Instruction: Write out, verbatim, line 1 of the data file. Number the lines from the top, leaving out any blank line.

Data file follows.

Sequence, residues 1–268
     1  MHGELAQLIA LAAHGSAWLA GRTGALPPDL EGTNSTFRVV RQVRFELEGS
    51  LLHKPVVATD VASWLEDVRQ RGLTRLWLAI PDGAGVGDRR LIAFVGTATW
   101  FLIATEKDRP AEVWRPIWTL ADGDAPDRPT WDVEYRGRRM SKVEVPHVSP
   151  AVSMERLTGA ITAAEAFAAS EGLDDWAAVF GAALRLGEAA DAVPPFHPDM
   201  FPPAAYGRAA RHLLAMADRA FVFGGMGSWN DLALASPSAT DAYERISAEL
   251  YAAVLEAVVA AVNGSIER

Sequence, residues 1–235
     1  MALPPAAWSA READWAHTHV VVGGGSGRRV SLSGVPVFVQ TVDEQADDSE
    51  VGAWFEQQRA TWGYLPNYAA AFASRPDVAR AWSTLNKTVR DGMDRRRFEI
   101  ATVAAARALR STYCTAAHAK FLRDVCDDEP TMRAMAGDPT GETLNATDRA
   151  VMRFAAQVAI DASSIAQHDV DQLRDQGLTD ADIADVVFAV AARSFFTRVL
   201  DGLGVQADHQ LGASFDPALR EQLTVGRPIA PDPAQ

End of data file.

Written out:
Sequence, residues 1–268